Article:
GE Additive Education Program donates Concept Laser machine to Ohio State University

May 4, 2018

GE Additive Education Program donates Concept Laser machine to Ohio State University

Staff from GE Additive and Ohio State University celebrate the machine’s donation at the College of Engineering (from left to right: Welding Engineering Professor Antonio Ramirez Londono, College of Engineering Dean David B. Williams, GE Advanced Lead Engineer Michael Meade, GE Aviation General Manager Mike Kauffman, GE University Relations Manager Cindy Hendrickson, Ohio State Vice President of Economic and Corporate Engagement Matt McNair, GE Additive Engineering Leader Mark Meyer and Materials Science and Engineering Chair Peter Anderson) (Courtesy Ohio State University)

 

GE Additive, the Additive Manufacturing division of General Electric (GE), has donated a Concept Laser Mlab cusing R metal Additive Manufacturing system to the College of Engineering at Ohio State University, Columbus, Ohio, USA. Ohio State is one of eight universities worldwide to receive a system under the GE Additive Education Program.

The university welcomed staff from GE Additive to its campus on April 30, 2018. During this event, the team learned from faculty staff and students in the College of Engineering’s Engineering Welding programme how the new machine will enhance their academic pursuits.

GE created its Additive Education Program in 2017, and has stated that it plans to invest $10 million over five years to develop future talent in Additive Manufacturing. Enabling educational institutions to provide access to AM systems will, it hopes, accelerate the adoption of AM worldwide.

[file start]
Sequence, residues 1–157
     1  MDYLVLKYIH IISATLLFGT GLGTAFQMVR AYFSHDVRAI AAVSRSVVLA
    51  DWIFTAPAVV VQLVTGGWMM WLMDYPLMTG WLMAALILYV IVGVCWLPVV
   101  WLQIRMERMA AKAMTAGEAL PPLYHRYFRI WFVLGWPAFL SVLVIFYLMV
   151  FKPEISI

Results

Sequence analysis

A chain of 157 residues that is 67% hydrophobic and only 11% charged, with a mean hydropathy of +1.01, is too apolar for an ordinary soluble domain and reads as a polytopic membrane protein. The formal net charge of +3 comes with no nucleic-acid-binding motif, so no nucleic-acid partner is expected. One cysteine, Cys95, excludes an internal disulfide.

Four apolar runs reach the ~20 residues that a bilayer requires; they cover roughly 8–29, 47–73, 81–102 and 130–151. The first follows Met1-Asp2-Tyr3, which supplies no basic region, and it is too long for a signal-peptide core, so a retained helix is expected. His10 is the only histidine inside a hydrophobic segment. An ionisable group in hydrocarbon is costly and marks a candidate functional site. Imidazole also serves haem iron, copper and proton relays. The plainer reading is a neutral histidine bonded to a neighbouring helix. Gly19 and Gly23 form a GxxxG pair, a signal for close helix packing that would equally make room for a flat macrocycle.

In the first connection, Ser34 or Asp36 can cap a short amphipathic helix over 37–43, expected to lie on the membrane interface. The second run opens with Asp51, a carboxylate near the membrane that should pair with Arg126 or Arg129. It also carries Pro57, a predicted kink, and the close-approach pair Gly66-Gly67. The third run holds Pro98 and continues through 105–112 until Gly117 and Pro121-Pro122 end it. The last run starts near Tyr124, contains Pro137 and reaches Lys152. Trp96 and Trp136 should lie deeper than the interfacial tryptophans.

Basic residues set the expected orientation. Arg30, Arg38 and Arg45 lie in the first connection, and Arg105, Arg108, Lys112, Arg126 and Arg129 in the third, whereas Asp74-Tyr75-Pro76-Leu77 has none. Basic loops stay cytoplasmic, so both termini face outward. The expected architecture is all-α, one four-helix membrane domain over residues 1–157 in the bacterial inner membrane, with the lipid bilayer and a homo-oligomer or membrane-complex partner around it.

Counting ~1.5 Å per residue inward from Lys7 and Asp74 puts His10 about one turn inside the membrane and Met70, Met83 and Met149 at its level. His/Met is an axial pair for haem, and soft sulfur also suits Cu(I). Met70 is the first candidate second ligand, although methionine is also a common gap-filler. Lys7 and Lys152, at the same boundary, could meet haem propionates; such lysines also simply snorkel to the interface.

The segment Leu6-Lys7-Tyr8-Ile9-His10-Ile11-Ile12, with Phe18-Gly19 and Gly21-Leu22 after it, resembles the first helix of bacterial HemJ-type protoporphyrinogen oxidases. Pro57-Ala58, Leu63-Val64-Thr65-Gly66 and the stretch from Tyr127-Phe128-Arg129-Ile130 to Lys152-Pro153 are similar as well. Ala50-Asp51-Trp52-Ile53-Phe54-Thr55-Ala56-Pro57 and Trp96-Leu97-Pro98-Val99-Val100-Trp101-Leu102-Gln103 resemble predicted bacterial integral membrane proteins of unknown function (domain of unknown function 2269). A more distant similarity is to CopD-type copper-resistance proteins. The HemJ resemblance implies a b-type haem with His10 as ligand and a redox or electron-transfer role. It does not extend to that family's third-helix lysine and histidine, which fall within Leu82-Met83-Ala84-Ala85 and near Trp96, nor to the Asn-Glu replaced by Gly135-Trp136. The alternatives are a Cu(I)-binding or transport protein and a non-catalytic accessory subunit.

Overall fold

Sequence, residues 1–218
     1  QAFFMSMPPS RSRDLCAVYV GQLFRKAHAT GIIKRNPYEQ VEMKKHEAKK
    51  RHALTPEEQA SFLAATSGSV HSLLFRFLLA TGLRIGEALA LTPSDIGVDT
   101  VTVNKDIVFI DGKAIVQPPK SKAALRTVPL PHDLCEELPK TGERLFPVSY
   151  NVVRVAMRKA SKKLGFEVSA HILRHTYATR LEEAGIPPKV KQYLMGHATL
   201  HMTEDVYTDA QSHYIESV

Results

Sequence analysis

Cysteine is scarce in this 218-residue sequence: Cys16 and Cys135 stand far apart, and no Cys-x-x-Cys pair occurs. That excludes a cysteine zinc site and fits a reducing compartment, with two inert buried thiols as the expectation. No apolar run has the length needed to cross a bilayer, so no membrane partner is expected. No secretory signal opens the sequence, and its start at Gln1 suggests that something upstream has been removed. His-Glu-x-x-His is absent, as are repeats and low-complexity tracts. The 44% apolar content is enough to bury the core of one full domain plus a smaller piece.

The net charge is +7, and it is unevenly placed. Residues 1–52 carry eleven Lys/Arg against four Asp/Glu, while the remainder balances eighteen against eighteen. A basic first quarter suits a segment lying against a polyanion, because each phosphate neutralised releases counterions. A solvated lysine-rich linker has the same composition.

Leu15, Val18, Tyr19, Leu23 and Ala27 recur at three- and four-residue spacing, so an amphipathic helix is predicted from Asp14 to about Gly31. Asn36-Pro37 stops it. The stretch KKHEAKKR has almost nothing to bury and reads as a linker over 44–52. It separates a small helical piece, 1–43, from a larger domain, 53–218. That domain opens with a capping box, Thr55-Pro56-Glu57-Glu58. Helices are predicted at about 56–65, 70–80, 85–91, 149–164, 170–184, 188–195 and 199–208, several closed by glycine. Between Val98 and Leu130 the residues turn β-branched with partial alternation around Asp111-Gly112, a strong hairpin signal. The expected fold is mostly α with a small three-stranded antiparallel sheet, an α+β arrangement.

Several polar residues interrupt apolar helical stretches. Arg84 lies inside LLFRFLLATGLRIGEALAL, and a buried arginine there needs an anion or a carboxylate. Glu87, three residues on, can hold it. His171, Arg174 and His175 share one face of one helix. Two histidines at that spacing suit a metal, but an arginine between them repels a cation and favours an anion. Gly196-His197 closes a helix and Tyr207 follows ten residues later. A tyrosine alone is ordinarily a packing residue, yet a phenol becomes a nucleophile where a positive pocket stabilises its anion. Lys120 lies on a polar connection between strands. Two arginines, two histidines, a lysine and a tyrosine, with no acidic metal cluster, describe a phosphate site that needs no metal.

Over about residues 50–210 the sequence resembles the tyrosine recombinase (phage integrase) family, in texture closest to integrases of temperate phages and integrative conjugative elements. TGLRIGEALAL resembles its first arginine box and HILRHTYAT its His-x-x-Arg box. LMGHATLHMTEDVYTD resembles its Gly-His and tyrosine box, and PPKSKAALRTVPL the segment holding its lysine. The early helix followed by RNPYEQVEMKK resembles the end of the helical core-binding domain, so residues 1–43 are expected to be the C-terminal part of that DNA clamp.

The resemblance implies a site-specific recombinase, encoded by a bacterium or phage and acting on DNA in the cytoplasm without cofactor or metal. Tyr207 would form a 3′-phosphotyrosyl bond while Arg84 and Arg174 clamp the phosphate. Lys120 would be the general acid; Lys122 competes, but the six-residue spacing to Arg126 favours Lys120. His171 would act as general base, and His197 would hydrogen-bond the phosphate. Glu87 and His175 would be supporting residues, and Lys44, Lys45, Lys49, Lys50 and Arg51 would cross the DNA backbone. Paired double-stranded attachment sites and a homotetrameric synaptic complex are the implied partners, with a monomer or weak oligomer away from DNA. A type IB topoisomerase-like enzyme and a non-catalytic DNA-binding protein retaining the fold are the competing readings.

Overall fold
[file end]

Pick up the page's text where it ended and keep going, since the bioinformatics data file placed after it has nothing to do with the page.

At the time of the programme’s launch, Mohammad Ehteshami, Vice President of GE Additive, stated, “Additive Manufacturing is revolutionising the way we think about designing and manufacturing products. We want a pipeline of engineering talent that have additive in their DNA. This education program is our way of supporting that goal.”

David B Williams, Dean of the College of Engineering, commented, “We’re very happy GE chose to donate this printer to Ohio State in recognition of our Welding Engineering programme and [programme leader] Antonio Ramirez’s commitment to education and research. The printer will allow our students to learn cutting-edge technology and prepare them for careers in a wide range of industries.”

“Finding mutually beneficial partnerships is an increasingly important way for universities to add value beyond the classroom,” added Matt McNair, Vice President of Economic and Corporate Engagement at Ohio State. “Gifts like this benefit student learning today while building a talent pipeline for the future for companies like GE.”

More than 250 colleges and universities from around the world are reported to have applied to the GE Additive Education Program. In addition to Ohio State, GE donated metal AM systems to Auburn University, Boston University, Iowa State University, North Carolina State University, the University of Cincinnati, University of New South Wales and the U.S. Naval Academy.

Two GE Additive metal printers were also recently installed at Ohio State’s Center for Design and Manufacturing Excellence (CDME). These machines, an industrial-grade Arcam Q10+ and Concept Laser metal AM system, were purchased by Ohio-based company Proto Precision Manufacturing Solutions.

www.ge.com/additive

www.osu.edu

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  • Binder Jet metal Additive Manufacturing: Process chain considerations when moving towards series production
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  • Additive Manufacturing in Aerospace: Highlights from the AMA 2018 international conference in Bremen
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